Kringen and aides to National Intelligence Director Mike McConnell would not comment on the details of that analysis. "Preparation of the estimate is not a response to any specific threat," McConnell's spokesman Ross Feinstein said, adding that it would probably be ready for distribution this summer.

Counterterrorism officials have been increasingly concerned about al-Qaida's recent operations. This week, Homeland Security Secretary Michael Chertoff said he had a "gut feeling" that the United States faced a heightened risk of attack this summer.

Kringen said he wouldn't attach a summer time frame to the concern. In studying the threat, he said he begins with the premise that al-Qaida would consider attacking the U.S. a "home run hit" and that the easiest way to get into the United States would be through Europe.

The new threat assessment puts particular focus on Pakistan, as did Kringen.

"Sooner or later you have to quit permitting them to have a safe haven" along the Afghan-Pakistani border, he told the House committee. "At the end of the day, when we have had success, it is when you've been able to get them worried about who was informing on them, get them worried about who was coming after them."

Several European countries — among them Britain, Denmark, Germany and the Netherlands — are also highlighted in the threat assessment partly because they have arrangements with the Pakistani government that allow their citizens easier access to Pakistan than others, according to the counterterrorism official.

This is more troubling because all four are part of the U.S. visa waiver program, and their citizens can enter the United States without additional security scrutiny, the official said.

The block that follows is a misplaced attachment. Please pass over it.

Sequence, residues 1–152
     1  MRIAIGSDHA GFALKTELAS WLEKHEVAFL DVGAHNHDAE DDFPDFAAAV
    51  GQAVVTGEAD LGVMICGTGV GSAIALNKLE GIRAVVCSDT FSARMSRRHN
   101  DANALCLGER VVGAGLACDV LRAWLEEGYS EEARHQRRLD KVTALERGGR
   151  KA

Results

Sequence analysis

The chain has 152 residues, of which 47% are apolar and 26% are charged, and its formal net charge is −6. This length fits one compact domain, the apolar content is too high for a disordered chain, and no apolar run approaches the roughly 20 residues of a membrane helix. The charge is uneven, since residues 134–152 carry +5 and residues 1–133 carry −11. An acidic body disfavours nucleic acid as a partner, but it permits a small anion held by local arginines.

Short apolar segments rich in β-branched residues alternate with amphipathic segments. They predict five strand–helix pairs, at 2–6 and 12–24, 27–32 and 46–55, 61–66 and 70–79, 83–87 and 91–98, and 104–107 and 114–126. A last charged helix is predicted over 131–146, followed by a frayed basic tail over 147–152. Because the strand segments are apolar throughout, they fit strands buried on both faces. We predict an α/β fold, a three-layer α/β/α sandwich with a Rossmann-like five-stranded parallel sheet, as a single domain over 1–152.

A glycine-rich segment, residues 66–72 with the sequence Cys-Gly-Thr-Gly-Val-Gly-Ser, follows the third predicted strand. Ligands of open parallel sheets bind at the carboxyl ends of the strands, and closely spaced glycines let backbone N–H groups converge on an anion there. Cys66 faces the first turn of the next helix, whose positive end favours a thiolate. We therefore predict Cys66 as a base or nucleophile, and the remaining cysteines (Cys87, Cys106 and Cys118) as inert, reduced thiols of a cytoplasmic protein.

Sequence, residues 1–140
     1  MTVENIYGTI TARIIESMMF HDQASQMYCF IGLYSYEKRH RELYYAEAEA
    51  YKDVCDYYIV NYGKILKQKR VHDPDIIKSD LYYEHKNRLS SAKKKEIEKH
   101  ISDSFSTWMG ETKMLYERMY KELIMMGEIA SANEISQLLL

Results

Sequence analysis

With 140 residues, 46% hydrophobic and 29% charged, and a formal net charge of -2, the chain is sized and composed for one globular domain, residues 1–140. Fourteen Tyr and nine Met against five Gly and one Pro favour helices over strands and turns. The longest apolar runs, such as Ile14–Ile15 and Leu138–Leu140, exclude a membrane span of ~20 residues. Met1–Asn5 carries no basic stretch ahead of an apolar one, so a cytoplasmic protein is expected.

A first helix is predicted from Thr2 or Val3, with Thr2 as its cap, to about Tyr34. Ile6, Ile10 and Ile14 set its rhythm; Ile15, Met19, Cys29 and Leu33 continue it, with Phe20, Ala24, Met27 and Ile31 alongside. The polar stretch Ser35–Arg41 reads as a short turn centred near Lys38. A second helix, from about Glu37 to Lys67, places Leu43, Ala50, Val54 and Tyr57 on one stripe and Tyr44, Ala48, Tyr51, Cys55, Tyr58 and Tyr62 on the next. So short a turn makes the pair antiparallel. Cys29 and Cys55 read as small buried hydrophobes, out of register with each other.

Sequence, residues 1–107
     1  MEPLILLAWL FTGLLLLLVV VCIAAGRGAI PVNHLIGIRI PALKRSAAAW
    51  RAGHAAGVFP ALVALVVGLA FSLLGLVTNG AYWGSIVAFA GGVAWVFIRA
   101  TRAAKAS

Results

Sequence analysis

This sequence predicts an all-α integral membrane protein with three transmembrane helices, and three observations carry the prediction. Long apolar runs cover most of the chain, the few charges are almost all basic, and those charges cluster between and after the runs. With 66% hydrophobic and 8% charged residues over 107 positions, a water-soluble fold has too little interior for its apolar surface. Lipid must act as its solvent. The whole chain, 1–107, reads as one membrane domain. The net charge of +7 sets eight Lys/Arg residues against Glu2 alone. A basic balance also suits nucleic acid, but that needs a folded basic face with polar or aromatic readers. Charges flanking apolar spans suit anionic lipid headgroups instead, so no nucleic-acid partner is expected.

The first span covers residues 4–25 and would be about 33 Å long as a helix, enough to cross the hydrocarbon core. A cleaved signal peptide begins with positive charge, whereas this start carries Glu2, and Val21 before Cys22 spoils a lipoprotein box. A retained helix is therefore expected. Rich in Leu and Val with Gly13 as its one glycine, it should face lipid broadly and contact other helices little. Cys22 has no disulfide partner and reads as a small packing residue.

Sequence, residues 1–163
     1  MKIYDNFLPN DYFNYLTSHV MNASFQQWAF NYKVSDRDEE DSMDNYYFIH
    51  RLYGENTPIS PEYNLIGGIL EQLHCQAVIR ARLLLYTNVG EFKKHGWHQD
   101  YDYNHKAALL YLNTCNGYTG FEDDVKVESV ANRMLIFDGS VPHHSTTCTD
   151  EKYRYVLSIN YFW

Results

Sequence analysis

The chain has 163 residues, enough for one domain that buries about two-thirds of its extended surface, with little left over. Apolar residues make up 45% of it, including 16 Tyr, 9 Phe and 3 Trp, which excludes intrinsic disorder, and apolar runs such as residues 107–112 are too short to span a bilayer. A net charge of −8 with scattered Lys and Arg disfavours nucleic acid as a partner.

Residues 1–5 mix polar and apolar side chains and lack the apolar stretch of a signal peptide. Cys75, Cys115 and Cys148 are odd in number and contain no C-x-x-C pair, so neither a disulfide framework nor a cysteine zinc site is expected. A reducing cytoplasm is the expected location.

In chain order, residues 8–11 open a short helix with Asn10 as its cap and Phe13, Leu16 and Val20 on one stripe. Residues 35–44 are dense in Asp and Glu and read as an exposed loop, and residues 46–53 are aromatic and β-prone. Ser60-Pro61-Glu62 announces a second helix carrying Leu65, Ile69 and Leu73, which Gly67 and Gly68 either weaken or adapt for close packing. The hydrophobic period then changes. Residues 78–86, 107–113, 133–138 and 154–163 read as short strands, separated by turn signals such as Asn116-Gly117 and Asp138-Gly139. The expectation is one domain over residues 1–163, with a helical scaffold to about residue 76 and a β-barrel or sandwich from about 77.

The report also notes that al-Qaida has increased its public statements, although analysts stressed that those video and audio messages aren't reliable indicators of the actions the group may take.

The Bush administration has repeatedly cited al-Qaida as a key justification for continuing the fight in Iraq.

"The No. 1 enemy in Iraq is al-Qaida," White House press secretary Tony Snow said Wednesday. "Al-Qaida continues to be the chief organizer of mayhem within Iraq, the chief organization for killing innocent Iraqis."

The findings could bolster the president's hand at a moment when support on Capitol Hill for the war is eroding and the administration is struggling to defend its decision for a military buildup in Iraq. A progress report that the White House is releasing to Congress this week is expected to indicate scant progress on the political and military benchmarks set for Iraq.

The threat assessment says that al-Qaida stepped up efforts to "improve its core operational capability" in late 2004 but did not succeed until December of 2006 after the Pakistani government signed a peace agreement with tribal leaders that effectively removed government military presence from the northwest frontier with Afghanistan.

The agreement allows Taliban and al-Qaida operatives to move across the border with impunity and establish and run training centers, the report says, according to the official.